• Market manipulation - At times, a crash can happen because of market manipulation. The 2010 flash crash was caused by an individual day trader in London.

How can you stay safe in a flash crash?

The unfortunate thing about flash crashes is that they are unpredictable and they can affect all types of assets. Therefore, the best thing to do is to ensure that you are prepared for such crashes.

Anytime you open a trade, assume that a flash crash can happen. Therefore, you can prepare in the following ways.

  • Always have a stop-loss in all your trades.
  • Implement a take-profit as well because at times, an asset can rise sharply and then decline. The take-profit will capture those gains.
  • Limit your leverage - You will experience a bigger loss if you decide to use leverage in your account.
  • Avoid overnight trades - At times, a flash crash can happen when the market opens. You will be safer if you just close all your trades before the market closes.

» Related: How Overnight Action Can Gauge Market Sentiment

Okay, we have clarified in detail what we are talking about here. Let's go and see what lessons some of the past flash crashes have taught us.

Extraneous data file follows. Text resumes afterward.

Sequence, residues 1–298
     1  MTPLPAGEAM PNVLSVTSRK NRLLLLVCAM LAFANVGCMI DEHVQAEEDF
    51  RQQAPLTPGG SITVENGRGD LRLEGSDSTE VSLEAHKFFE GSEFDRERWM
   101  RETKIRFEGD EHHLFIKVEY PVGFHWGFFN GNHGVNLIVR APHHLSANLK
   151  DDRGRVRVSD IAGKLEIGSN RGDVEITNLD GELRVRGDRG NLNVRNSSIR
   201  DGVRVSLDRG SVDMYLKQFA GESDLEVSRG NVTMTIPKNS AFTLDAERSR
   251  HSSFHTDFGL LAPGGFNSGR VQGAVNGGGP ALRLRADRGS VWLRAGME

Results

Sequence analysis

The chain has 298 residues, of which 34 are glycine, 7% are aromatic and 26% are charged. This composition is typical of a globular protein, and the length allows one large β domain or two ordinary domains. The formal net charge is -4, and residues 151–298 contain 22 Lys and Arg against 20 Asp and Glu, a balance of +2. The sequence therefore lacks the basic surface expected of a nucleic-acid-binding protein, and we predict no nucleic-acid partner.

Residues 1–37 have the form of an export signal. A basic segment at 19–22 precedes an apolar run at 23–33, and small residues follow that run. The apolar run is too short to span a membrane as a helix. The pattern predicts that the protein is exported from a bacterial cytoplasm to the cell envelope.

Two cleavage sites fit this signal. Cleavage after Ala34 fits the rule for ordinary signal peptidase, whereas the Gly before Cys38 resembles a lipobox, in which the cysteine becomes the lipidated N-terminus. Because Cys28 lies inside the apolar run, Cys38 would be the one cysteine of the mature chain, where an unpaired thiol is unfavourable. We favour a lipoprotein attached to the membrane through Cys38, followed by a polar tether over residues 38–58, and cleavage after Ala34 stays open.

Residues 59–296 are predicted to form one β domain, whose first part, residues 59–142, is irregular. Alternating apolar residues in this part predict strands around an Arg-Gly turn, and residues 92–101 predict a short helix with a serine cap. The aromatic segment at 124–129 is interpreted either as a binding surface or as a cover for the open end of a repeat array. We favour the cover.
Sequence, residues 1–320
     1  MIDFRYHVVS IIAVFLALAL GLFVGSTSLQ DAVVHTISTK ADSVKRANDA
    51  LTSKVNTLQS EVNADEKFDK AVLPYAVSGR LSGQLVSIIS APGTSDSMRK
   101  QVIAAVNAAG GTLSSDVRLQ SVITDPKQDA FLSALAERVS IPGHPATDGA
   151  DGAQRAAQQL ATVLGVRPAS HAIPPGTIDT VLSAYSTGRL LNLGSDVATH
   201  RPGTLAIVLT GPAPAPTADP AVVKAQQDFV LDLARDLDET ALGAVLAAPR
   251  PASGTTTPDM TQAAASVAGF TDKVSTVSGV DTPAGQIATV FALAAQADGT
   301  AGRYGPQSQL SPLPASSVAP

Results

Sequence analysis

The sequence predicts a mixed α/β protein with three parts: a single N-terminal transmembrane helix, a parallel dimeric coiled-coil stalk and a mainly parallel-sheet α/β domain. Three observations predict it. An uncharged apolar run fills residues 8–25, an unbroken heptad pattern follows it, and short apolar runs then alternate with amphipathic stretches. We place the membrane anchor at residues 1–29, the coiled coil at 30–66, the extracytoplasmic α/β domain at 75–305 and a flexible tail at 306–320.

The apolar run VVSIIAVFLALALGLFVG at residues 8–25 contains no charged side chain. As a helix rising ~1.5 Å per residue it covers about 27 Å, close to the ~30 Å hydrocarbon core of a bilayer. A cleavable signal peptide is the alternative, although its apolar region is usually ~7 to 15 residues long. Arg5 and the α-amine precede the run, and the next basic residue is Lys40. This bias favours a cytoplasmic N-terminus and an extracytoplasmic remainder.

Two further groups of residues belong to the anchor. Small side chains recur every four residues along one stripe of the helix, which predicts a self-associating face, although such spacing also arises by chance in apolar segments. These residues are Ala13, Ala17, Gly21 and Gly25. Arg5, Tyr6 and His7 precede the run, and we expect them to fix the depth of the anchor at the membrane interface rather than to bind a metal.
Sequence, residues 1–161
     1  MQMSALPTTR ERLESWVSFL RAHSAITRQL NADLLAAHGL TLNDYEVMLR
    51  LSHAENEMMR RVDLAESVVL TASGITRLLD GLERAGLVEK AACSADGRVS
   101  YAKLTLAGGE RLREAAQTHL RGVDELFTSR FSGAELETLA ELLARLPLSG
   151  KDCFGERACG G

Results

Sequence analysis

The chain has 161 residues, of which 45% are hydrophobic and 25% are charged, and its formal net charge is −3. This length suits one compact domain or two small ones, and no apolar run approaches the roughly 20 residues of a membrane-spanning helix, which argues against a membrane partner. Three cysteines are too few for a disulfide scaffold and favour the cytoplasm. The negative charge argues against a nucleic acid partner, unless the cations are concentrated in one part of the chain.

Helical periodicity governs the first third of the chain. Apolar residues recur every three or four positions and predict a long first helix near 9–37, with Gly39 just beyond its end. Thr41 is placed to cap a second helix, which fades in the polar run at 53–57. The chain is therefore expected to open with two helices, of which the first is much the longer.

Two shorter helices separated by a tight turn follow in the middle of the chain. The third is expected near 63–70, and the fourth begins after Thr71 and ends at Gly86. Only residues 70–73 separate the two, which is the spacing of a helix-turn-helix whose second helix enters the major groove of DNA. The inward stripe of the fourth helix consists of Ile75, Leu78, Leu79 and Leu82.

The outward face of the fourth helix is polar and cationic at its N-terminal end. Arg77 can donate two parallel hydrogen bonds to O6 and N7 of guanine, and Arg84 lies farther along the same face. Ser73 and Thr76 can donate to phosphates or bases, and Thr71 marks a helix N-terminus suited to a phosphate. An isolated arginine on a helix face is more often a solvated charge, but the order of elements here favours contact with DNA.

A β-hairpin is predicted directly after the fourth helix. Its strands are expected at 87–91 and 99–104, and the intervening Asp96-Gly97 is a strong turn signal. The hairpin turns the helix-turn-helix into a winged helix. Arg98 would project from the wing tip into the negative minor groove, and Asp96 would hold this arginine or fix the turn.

Lessons from Past Flash Crashes

October 19, 1987 started like an ordinary day in Wall Street. But, by the events that happened that day will reverberate for years to come. Out of the blues, the market which were rising tanked. The U.S. markets fell by 22.68%, the Canadian market by 22.5% and the Hong Kong market by 45%. A carnage.

The reason for the crash was not immediately known but the markets rallied later.

The same happened on September 11th, 2001 when the United States was attacked. The markets fell by double digits before recovering in the following days.

The same happened on May 6th, 2010 when out of the blues, the markets fell when a guy from London manipulated the market. That day, the Dow fell by more than 500 points before recovering minutes later.

A similar – albeit – smaller event happened at the end of 2017 when an ABC News reporter reported crucial information about the Russian investigation. The reporter claimed that during the election, Trump asked Mike Flynn to contact Russians.

The Dow fell by 350 points and the NASDAQ by 105 points. The markets recovered slightly when ABC clarified the news later.

While we can’t predict whether such flash crashes will happen in future, chances are that they will. We can’t predict when, but we are mostly certain that they will. This is because as the market becomes increasingly automated, such happenings will continue.